Radnor Library is currently in its 35th year in its current location on West Wayne Avenue. We moved into this location in April of 1980 with a “book brigade” of middle school students carting 77,000 books from the former George W. Childs Library on Lancaster Avenue. Things have changed a lot for the library since 1980. We have added over 50,000 items to our collection as well as 17 public access computers. We offer free wireless internet access and many more programs. However, with the advent of e-books and audiobooks, we have shifted our focus from growing our collection to becoming a space for community development and collaboration. Contrary to popular belief, libraries are now more important than ever. In addition to providing access to over 120,000 books, CDs, magazines, movies, and other materials, Radnor Library is host to a plethora of programs for kids, teens, and adults. Program topics range from storytimes, magicians, and singalongs for kids to art, history, and conservation lectures for adults. In 2014, the library held 477 programs for kids and teens and 77 programs for adults. Programs covered topics from history to art to science, and catered to people of all ages and backgrounds. We were open to the public 72 hours per week, and had over 175,000 people enter our doors throughout the year. That’s over 50 people per open hour!
I am one of the very fortunate people who gets to say “I love my job”. I spend most of my time at the library behind the scenes, designing posters, writing press releases, working on fundraisers, planning events, updating the library’s website, and more. Each day is different. That is one of the best things about working at the library. But Radnor Library is more than just a typical library to me. We are in the heart of a great town and have thrived due to the support of local individuals and businesses. We also have an incredibly dedicated and helpful staff. Our Information Desk is staffed every hour the library is open, and staff goes above and beyond to help patrons answer questions, learn new skills, and find books to read. Our Children’s Librarians provide 8 storytimes per week in addition to other programs and provide a wealth of information regarding Children’s Literature. Our Circulation staff is friendly and inviting. Our Business Manager keeps the library running efficiently. Our Technical Services Department processes new materials and mends those that have been “loved”. Our new director, Anny Laepple, provides a fresh approach to library service and is prepared to lead us into the future of library service.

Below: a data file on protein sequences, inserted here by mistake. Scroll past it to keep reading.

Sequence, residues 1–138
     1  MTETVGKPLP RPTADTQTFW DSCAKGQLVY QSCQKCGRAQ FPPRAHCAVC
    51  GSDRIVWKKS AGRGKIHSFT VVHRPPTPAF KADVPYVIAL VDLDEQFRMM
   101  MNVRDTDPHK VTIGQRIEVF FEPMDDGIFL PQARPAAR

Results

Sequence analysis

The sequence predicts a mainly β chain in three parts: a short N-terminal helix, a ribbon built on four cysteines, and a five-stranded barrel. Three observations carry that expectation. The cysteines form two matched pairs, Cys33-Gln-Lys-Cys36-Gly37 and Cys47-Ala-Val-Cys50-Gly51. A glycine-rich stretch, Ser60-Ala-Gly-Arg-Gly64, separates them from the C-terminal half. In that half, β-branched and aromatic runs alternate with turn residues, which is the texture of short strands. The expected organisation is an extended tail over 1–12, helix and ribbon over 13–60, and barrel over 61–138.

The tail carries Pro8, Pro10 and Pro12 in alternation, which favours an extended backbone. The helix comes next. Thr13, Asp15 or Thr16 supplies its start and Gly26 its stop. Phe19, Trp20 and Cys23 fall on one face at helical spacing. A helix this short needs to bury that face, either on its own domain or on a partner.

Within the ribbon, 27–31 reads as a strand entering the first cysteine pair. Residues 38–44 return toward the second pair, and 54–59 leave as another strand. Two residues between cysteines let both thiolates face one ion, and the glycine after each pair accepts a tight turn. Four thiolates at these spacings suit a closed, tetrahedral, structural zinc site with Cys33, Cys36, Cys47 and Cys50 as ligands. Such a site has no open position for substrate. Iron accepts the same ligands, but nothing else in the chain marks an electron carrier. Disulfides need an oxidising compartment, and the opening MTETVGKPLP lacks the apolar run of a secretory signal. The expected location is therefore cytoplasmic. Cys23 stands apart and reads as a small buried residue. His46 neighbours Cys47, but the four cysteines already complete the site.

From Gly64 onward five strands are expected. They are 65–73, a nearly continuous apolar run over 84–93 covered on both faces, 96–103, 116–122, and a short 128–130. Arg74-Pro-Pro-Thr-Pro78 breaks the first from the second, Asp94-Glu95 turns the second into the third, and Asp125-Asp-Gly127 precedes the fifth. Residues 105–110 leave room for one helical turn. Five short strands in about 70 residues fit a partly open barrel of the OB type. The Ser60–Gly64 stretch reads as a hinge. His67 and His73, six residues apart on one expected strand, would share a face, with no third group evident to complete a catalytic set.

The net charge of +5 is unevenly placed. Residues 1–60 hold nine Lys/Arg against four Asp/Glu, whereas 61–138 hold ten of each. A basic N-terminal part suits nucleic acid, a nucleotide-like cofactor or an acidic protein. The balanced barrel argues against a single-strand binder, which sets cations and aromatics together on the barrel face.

When I get out of my office, I love to talk to patrons. One of our beloved patrons comes in each day. We talk about the Flyers and the Red Sox, but also about what the library means to her. She often tells me that the library is her second home. It’s where she comes to read the newspaper, but also to just be around and experience people and the community that happens within the library. I often cite this woman when people ask me if libraries are still relevant, which is a frequent question we encounter these days.
Libraries are amazing places. They provide free access to knowledge. They inspire passion and a place for collaboration. They are places for kids. They are places for adults. They are places for people to go when they have nowhere else to turn. Libraries are for everyone. Radnor Library is certainly the place for me. And for the record, I’ve never shushed anyone in my life.